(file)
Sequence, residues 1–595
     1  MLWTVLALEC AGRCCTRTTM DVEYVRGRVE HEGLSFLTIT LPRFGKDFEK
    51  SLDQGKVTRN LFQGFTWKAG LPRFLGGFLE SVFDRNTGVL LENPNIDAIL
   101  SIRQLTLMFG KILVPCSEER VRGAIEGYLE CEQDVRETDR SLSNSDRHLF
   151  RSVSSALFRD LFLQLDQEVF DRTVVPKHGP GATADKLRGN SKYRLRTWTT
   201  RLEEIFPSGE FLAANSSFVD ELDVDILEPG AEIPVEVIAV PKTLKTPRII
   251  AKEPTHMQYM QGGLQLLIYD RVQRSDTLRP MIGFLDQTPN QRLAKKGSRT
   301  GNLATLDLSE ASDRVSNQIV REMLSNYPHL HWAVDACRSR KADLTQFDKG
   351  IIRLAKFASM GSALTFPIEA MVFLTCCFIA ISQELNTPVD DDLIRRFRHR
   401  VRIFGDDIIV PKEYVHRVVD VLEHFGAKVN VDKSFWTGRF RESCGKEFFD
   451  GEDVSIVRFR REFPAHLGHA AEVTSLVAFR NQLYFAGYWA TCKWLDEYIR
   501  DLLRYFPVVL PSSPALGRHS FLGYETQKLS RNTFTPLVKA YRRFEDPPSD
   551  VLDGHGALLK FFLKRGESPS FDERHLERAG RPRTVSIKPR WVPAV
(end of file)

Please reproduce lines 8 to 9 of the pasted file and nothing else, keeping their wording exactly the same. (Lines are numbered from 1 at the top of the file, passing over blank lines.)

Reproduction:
   301  GNLATLDLSE ASDRVSNQIV REMLSNYPHL HWAVDACRSR KADLTQFDKG
   351  IIRLAKFASM GSALTFPIEA MVFLTCCFIA ISQELNTPVD DDLIRRFRHR